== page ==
Written by Gørill Haugan
As we all are aware of, there is a demographic shift toward an older population worldwide. The segment of people aged 80 years and more is growing rapidly and those aged 100+ are growing fastest. This is a sign that we have succeeded in some ways.
This shift started in high-income countries. However, for the first time in history, people can expect to live until their 60s and beyond globally. During the period from 2015 and 2050, the proportion of those 60 years and more will nearly double from 12 to 22 %; by 2050 individuals aged 60 years and older is expected to total two billion, up from 900 million in 2015. Currently, low- and middle-income countries are experiencing the greatest demographic change; hence, all countries are now facing major challenges to ensure that their health and social systems are ready to make the most of this demographic shift.
Age is an aim in life and not a disease. Still, with high ages, several diseases appear; now our task is to ensure that the extra years are worth living. Hence, with a steadily growing older population, the world faces a growing need of health care. In the years to come, health promotive initiatives enhancing well-being and coping in the population will become ever more important. Accordingly, our new book Health Promotion in Health Care – Vital Theories and Research, provides novel knowledge in the field of health promotion in the health care services from various parts of the world; Africa, America, Asia, Australia, and Europe are represented.
Today, the medical perspective and treatment approaches are highly developed giving emphasis to save lives from severe illnesses and injuries. This is good. However, a great number of patients, both in hospitals and in the municipality health care, suffer from a lack of holistic oriented health care and support. Their illness is treated, but they feel scared, helpless, and lonely, experiencing meaninglessness and low quality of life. Several patients with chronic or long-term conditions (heart and lung diseases, cancer, rheumatologic diseases, dementia, diabetes, long-term intensive care patients, palliative patients, mental disorders, etc.) fight and must cope with a heavy symptom burden and life challenges on their own at home. These people are asking for social support, empowerment, patient education (salus education), guidance, hope, meaning, dignity, and coping strategies in order to manage their life situation. Human beings are whole persons consisting of different dimensions; individuals comprise of a wholeness of body-mind-spirit which cannot be separated in a body, a mind, and a spirit; these three parts are totally integrated performing in close interaction. Thus, a holistic physical-psychological-socialspiritual model of health care is required to provide high-quality and effective health care.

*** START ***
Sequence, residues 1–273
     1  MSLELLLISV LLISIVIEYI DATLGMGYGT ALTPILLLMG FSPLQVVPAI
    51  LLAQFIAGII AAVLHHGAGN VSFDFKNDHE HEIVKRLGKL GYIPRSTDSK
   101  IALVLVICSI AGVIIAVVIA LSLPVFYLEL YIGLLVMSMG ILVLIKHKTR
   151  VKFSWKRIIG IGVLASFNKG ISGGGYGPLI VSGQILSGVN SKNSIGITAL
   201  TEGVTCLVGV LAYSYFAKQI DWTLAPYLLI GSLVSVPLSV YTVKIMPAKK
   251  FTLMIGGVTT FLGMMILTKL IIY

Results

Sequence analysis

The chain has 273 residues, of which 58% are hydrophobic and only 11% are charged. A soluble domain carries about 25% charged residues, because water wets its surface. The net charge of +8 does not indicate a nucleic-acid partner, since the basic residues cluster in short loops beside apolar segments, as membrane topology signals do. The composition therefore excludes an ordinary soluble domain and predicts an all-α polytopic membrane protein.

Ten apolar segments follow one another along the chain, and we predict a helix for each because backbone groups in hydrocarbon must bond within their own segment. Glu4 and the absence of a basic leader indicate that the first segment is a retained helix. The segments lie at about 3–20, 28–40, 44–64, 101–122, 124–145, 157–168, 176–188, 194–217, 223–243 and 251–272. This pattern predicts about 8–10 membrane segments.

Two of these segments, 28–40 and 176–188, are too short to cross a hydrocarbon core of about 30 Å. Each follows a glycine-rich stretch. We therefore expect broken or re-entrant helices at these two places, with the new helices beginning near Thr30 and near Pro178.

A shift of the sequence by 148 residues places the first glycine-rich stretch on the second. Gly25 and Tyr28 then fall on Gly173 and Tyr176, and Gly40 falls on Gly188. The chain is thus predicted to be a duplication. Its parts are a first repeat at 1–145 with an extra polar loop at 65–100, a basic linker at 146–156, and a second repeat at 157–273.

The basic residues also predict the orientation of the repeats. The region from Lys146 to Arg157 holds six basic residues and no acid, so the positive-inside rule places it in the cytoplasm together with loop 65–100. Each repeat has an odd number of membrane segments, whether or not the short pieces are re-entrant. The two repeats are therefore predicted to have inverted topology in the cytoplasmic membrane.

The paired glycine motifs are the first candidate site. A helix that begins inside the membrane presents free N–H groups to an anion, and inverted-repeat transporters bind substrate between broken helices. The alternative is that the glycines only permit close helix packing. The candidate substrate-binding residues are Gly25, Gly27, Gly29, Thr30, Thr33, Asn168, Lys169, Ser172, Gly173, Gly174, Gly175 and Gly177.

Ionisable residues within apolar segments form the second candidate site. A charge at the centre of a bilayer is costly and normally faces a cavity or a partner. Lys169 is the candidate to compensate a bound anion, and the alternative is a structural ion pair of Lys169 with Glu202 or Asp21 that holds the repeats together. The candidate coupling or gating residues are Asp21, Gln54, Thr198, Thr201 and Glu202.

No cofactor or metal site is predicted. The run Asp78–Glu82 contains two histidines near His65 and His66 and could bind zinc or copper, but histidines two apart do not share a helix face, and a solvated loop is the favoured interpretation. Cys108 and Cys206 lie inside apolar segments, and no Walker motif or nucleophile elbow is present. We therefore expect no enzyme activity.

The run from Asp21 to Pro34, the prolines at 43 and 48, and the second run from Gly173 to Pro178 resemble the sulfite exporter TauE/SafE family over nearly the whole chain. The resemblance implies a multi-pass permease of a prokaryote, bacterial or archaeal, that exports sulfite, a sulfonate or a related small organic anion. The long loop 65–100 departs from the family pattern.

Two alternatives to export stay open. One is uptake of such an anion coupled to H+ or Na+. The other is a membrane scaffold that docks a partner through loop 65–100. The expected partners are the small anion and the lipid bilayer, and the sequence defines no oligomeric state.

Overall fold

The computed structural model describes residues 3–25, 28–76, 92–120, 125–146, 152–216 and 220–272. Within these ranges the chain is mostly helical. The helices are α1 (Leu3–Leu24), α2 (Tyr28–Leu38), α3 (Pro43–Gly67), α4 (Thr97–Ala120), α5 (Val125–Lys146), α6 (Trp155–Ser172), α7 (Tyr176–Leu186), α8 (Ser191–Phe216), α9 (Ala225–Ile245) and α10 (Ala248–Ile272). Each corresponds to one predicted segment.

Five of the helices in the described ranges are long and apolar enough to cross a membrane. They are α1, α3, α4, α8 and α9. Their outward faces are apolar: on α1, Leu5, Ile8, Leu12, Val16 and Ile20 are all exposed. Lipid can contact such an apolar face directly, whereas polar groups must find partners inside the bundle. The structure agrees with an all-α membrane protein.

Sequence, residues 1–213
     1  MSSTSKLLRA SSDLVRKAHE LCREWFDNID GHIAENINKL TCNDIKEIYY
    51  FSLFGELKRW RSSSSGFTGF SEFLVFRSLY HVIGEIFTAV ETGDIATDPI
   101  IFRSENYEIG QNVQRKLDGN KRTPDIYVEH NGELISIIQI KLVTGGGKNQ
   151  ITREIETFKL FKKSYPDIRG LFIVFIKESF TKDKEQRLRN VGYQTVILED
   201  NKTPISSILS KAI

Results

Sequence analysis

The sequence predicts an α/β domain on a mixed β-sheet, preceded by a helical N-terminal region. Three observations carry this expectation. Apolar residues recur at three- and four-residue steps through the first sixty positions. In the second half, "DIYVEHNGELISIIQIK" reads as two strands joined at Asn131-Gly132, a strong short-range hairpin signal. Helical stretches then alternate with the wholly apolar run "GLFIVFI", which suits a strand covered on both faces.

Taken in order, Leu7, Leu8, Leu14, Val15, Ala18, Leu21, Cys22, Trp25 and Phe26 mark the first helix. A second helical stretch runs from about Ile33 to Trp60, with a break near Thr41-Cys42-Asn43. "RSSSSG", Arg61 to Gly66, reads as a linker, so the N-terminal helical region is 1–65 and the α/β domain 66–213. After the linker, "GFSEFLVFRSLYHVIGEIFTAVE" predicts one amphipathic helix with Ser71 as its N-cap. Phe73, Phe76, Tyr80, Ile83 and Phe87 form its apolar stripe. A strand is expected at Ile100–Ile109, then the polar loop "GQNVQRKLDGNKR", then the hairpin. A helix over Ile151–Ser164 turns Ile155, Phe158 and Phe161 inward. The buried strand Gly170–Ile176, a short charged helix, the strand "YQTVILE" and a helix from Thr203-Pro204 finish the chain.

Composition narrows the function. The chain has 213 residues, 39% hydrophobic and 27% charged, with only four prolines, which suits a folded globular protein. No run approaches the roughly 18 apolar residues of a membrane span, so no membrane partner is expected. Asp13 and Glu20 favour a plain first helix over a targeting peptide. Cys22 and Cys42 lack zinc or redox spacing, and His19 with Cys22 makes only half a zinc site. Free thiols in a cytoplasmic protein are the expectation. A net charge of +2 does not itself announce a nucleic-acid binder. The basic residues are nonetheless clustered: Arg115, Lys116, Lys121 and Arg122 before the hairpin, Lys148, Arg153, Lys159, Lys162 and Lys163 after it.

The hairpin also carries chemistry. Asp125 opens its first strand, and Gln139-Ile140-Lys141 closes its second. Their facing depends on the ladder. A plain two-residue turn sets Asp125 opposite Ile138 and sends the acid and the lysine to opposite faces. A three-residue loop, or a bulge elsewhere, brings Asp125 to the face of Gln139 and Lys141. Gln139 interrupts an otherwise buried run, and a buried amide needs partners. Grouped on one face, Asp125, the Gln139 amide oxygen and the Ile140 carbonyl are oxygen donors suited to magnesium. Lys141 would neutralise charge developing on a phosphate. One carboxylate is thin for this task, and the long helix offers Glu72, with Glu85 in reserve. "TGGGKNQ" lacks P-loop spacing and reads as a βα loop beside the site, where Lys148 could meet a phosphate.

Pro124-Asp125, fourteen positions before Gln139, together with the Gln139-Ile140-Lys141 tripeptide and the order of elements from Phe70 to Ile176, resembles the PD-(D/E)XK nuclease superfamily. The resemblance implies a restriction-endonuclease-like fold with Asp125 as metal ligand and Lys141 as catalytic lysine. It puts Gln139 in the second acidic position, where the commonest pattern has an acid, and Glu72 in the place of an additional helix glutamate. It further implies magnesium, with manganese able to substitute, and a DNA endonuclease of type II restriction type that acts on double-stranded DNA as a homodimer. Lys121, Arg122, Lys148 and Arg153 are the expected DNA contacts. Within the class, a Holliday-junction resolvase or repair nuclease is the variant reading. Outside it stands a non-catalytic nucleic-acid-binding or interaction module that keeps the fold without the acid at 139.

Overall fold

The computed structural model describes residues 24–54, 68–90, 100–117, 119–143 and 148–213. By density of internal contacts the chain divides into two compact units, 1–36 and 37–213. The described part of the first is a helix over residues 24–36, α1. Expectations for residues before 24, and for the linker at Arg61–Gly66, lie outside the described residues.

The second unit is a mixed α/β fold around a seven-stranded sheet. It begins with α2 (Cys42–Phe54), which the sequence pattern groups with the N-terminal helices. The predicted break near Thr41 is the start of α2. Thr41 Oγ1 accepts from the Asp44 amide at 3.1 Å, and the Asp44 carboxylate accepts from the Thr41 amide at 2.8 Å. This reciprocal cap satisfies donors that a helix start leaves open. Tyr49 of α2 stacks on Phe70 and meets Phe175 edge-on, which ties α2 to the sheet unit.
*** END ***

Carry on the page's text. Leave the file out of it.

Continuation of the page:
Health promotion and the salutogenic perspective on health are holistic. In the years to come, health promotive initiatives will become ever more important. Accordingly, learning how to reorient the health care sector in a health promotion direction is highly needed. Health promoting approaches are resource-oriented focusing on the origin of health along with people’s abilities and capacities for well-functioning and well-being. The health promotion field is based in the salutogenic health theory representing an area of knowledge and learning, a way of relating to others, and a way of working in a health promoting manner.
«… health is a movement on a continuum between ease and disease»
In the salutogenic perspective, health is a movement on a continuum between ease and disease. In this approach, no one is categorized as healthy or diseased; we are all somewhere between the imaginary poles of total wellness and total illness. Every person, even if severely diseased, has health, and health promotion is about strengthening the health. Either by changing the ways we work or by changing the environment or educate the person in question how he or she can work to strengthen his/her health.
The salutogenic approach seems useful for reorienting the health care systems around the globe. Therefore, this book entailing three parts comprehends the salutogenic health theory as a model of health and a life orientation, representing a vital theoretical basis for the health promotion field, along with the salutogenic theoretical framework.
Health Promotion in Health Care – Vital Theories and Research is an open access book published at SpringerLink that is now available online.
This blog text is based on the introduction of the book.
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